Marketing is a highly data validated field, where the efficacy of your decision is determined by good data. To include any activity or channel into the bigger picture of the marketing mix revolves around how it will affect the ROI. This compels the marketing leader of a company to validate his decision with how much he will spend on each activity.
The only premise you begin with Account-Based Marketing (ABM) is the ideal customer profile (ICP) and the primary objectives. To determine and run the exercise of who are the ideal customers you should pursue and where exactly your money should be spent, we have created an elaborate list of expense pockets that will help you create an ABM budget.
Here, we recommend you take an account-first approach. This helps in allocating a specific amount of spend on the high priority account vs the low priority ones.
Budget Spend Categories
To determine success, how do you know you are spending the right amount? The first step in creating an ABM budget is to list down all possible cost pockets.
This is not the foremost, but this takes away a reasonable chunk of your monthly budget pie. Most imperative and larger costs are typically over software and platforms such as Customer Relationship Management (CRM), Marketing Automation Systems (MAS), Data Management Platform (DMP), Predictive Analytics, and AI. Technologies that would consume other activities are programmatic ads, dashboards, AI, and so on. Apart from this, you will also have to accommodate other costs that you would spend on standalone marketing events like an exclusive email campaign, social media campaign, or physical conference.
People are the foremost asset to execute a marketing plan. Good hires boost the campaign’s efficiency and effectiveness. Since ABM strives for a 1:1 ratio in terms of the marketing team and a customer — hiring account managers who can deliver such an experience is critical. The ABM marketing team includes data analysts, communication associates, social media associates, content strategists and writers, account managers, and a customer support team. LinkedIn has worked extremely well for us in hiring relevant resources.
Events and experience:
ABM is not always digital. Strong Account-based marketing strategies also include participation in targeted events and building a customer experience across offline touchpoints too. These are not very apparent until the marketing mix is developed. Once you prepare tiers and lists of accounts, who you want to engage with; allocate spending for each account experience and physical involvement with each account.
MapAnything is one such tool that lets you figure out where your high-value clients are located. This will allow you to meet them in person over an exclusive meeting while you plan your travel to a different city. This helps you make your travel most productive.
Media spending is proportionate to the magnitude of the campaign. It grows with the magnitude and expectation of the campaign. The media spend with ABM will be focused only on very specific targets and not on a larger population of unknown leads.
Few ABM benchmarks used to allocate spending are based on the value of the account, the number of targets and personas, and the desired impact through the accounts. This works best when you know the formula of how much spending would give you and how much returns. This would be a variable-driven formula that can be applied to read immediate results.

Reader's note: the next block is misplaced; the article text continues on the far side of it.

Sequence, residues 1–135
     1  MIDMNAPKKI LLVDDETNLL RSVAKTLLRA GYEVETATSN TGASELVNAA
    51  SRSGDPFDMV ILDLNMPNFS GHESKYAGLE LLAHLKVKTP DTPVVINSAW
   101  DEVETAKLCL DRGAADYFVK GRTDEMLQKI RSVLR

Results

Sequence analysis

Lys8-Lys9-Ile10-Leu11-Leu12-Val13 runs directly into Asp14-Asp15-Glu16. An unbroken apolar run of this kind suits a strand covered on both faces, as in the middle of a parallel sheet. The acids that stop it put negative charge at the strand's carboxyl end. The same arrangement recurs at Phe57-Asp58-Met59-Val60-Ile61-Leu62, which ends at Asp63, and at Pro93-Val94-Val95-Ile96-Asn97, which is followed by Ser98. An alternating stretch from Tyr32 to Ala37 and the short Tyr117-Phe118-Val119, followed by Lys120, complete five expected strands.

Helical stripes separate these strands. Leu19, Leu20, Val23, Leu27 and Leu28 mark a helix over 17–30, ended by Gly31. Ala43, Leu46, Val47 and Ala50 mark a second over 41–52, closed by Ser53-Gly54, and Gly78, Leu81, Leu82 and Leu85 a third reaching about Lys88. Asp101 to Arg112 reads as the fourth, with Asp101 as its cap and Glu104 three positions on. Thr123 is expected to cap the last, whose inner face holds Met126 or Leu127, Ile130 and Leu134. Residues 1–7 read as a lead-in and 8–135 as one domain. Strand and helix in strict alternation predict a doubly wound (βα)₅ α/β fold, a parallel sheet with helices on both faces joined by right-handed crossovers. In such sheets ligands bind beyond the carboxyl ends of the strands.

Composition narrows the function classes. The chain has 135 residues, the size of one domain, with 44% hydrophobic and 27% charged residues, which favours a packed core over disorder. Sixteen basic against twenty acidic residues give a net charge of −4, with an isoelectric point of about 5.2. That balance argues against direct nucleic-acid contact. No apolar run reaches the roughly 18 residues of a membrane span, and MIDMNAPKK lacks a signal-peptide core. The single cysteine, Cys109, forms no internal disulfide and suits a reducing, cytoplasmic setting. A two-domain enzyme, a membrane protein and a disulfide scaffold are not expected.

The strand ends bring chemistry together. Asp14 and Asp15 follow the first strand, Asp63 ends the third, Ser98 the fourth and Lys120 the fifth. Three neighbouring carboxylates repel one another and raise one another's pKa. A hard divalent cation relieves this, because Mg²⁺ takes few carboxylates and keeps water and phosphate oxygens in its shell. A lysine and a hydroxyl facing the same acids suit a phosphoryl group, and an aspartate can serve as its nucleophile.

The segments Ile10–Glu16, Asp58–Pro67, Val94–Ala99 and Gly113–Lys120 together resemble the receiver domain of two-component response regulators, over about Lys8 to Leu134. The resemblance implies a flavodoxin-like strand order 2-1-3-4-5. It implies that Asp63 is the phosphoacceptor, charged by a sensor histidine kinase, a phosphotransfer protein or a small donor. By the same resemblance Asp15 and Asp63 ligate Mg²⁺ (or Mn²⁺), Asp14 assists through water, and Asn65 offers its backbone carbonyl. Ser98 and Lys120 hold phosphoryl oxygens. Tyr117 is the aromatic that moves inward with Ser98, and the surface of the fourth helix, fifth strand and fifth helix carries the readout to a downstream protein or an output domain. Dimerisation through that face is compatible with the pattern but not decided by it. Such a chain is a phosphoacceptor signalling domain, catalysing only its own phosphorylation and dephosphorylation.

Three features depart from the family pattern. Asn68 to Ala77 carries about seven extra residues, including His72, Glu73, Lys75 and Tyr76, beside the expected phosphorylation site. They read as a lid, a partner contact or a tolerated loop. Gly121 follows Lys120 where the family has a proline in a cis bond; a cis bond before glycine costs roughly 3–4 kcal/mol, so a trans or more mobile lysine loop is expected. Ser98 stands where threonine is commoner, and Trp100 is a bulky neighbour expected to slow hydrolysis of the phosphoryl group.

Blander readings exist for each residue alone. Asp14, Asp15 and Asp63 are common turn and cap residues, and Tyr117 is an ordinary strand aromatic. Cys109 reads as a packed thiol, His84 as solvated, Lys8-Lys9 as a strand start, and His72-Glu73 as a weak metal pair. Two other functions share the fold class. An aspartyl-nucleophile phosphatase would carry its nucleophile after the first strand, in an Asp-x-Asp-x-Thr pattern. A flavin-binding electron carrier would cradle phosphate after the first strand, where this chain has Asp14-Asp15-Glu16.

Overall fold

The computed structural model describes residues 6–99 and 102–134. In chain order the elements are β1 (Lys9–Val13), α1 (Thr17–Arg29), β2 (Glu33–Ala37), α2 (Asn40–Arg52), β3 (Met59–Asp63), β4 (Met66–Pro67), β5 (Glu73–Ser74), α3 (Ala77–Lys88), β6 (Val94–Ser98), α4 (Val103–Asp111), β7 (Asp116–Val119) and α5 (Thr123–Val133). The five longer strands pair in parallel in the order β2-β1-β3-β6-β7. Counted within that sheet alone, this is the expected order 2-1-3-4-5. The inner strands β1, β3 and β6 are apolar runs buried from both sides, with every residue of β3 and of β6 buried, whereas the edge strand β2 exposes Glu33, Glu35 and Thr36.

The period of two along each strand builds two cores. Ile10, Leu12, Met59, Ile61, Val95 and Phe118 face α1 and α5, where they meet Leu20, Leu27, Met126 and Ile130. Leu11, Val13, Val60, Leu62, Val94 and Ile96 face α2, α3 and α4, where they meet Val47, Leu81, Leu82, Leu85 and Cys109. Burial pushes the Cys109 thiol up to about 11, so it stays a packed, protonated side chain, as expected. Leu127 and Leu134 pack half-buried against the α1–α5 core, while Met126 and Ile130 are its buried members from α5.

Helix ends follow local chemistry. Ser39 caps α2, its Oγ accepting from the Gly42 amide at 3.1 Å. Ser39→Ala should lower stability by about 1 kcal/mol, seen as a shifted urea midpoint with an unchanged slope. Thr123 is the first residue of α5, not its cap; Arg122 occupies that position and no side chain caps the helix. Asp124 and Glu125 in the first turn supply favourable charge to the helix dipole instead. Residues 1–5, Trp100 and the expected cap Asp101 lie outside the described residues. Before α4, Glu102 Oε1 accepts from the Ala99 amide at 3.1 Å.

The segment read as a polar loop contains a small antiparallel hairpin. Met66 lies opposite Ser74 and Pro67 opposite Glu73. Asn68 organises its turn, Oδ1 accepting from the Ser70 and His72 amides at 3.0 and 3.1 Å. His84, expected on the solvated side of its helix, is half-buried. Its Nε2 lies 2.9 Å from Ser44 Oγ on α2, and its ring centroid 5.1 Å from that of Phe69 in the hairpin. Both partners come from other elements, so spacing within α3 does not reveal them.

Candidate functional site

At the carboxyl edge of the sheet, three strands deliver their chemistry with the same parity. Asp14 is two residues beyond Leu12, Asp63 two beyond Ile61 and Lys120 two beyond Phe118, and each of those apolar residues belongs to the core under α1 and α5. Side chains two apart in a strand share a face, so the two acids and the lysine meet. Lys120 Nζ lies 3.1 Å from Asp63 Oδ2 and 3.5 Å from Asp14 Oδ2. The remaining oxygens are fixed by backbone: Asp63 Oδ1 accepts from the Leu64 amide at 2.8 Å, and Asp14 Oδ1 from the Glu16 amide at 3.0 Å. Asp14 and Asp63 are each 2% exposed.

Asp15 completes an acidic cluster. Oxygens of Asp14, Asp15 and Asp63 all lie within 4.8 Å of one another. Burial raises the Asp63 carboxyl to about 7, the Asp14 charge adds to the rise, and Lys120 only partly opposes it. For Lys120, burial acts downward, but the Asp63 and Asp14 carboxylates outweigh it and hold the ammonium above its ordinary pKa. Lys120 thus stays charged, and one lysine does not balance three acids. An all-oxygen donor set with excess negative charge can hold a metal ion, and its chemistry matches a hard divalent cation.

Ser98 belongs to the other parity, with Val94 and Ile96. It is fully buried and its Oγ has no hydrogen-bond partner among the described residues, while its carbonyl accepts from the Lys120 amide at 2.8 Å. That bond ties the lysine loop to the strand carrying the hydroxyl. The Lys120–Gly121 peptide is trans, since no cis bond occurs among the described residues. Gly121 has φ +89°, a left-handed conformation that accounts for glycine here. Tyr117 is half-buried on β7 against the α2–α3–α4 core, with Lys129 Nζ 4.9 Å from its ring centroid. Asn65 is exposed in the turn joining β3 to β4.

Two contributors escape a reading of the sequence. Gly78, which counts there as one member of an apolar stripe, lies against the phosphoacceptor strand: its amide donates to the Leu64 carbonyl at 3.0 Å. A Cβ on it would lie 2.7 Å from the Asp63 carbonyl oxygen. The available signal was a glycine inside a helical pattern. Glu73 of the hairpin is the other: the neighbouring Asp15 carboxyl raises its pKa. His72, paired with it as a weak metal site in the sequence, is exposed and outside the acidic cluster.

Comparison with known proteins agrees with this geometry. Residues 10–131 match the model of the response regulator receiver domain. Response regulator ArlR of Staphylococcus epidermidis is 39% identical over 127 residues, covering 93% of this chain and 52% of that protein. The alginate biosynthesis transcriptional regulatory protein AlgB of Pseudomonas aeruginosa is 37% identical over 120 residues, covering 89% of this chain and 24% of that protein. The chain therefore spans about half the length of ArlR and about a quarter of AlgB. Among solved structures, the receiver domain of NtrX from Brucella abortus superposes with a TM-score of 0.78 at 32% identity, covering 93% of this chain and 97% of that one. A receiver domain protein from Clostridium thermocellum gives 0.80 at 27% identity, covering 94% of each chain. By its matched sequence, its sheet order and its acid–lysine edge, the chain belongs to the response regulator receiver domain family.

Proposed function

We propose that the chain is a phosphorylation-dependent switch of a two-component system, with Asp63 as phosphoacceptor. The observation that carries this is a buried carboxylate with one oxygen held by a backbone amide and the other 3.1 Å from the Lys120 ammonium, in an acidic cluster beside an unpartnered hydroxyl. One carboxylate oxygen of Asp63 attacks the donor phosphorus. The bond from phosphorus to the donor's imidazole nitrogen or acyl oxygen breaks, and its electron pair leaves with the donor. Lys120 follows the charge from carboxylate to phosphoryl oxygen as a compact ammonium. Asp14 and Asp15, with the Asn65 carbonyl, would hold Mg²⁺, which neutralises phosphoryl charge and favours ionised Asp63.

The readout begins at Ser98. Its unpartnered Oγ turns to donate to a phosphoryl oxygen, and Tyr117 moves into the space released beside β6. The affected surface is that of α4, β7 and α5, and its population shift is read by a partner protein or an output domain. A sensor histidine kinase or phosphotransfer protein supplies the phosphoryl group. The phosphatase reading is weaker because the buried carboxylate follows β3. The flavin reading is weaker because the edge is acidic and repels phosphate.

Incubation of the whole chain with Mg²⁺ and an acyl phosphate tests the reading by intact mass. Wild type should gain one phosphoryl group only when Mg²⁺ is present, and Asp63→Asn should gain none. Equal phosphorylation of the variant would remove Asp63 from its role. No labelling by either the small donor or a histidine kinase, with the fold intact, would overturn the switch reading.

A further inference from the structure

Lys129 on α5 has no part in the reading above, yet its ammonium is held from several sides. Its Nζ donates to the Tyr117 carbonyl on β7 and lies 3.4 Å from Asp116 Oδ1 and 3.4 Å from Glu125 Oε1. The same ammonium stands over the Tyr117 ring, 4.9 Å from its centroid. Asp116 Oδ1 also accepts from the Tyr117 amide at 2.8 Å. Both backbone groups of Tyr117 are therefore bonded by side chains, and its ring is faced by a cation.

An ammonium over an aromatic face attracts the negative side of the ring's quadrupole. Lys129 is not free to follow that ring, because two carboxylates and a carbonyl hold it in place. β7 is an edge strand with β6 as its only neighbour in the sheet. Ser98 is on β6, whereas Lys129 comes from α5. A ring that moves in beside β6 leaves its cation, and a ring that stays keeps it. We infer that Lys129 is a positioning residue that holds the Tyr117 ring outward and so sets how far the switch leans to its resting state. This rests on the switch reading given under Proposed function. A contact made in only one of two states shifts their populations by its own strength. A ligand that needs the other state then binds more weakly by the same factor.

Physical notes or goodies still have their charm when you offer them as a token of appreciation to a customer. Some companies choose to include a physical gift once the prospect reaches the opportunity stage or gets converted into a customer. Relevant packaging and messaging would create a great response in the case of direct mail.
Direct mail format could also be electronic. This could include video content, e-books, e-card, or electronic gift vouchers.
Factors that affect the spending.
While you can chart out a table and allocate dollars to each category, there are a few aspects that influence the degree of spending. These factors would bring exceptions to the rules of any industry.
Brand awareness and perception: Few questions that you need to pose to yourself before designing an ABM campaign are — does the account know your brand already, is the brand new to the account you are targeting, has there been a positive vs neutral vs negative perception among the target accounts and does your brand require a reposition? These are some aspects that will help you make further decisions.
Product complexity and need: The amount and frequency of communication are directly proportional to the complexity of the product. The more complex your product or service is, the more communication you would need. 95% of buyers chose a solution provider that “Provided them with ample content to help navigate through each stage of the buying process”
Competition: If you are in a highly competitive market with more number of competitors trying to reach a customer segment, then you need to build sharp differentiation to draw their attention.
There are a few factors that affect the number of individuals you need to target. These factors are the number and hierarchy of decision makers and influencers, the departments affected, and the size of the business. In a typical firm with 100-500 employees, an average of 7 people is involved in most buying decisions.
Attributing the Budget to your ROI
Ensure that the ABM budget you create should fulfill clear goals and as a marketing manager, you should be able to create paths that can be attributed to the ROI. Use the budget as a criterion at an account level which will help you attribute the spending to the ROI with more clarity.
These parameters are a high-level framework that will help you design a unique ABM budget for your company. We would be glad to discuss how you are working towards devising the smart budget.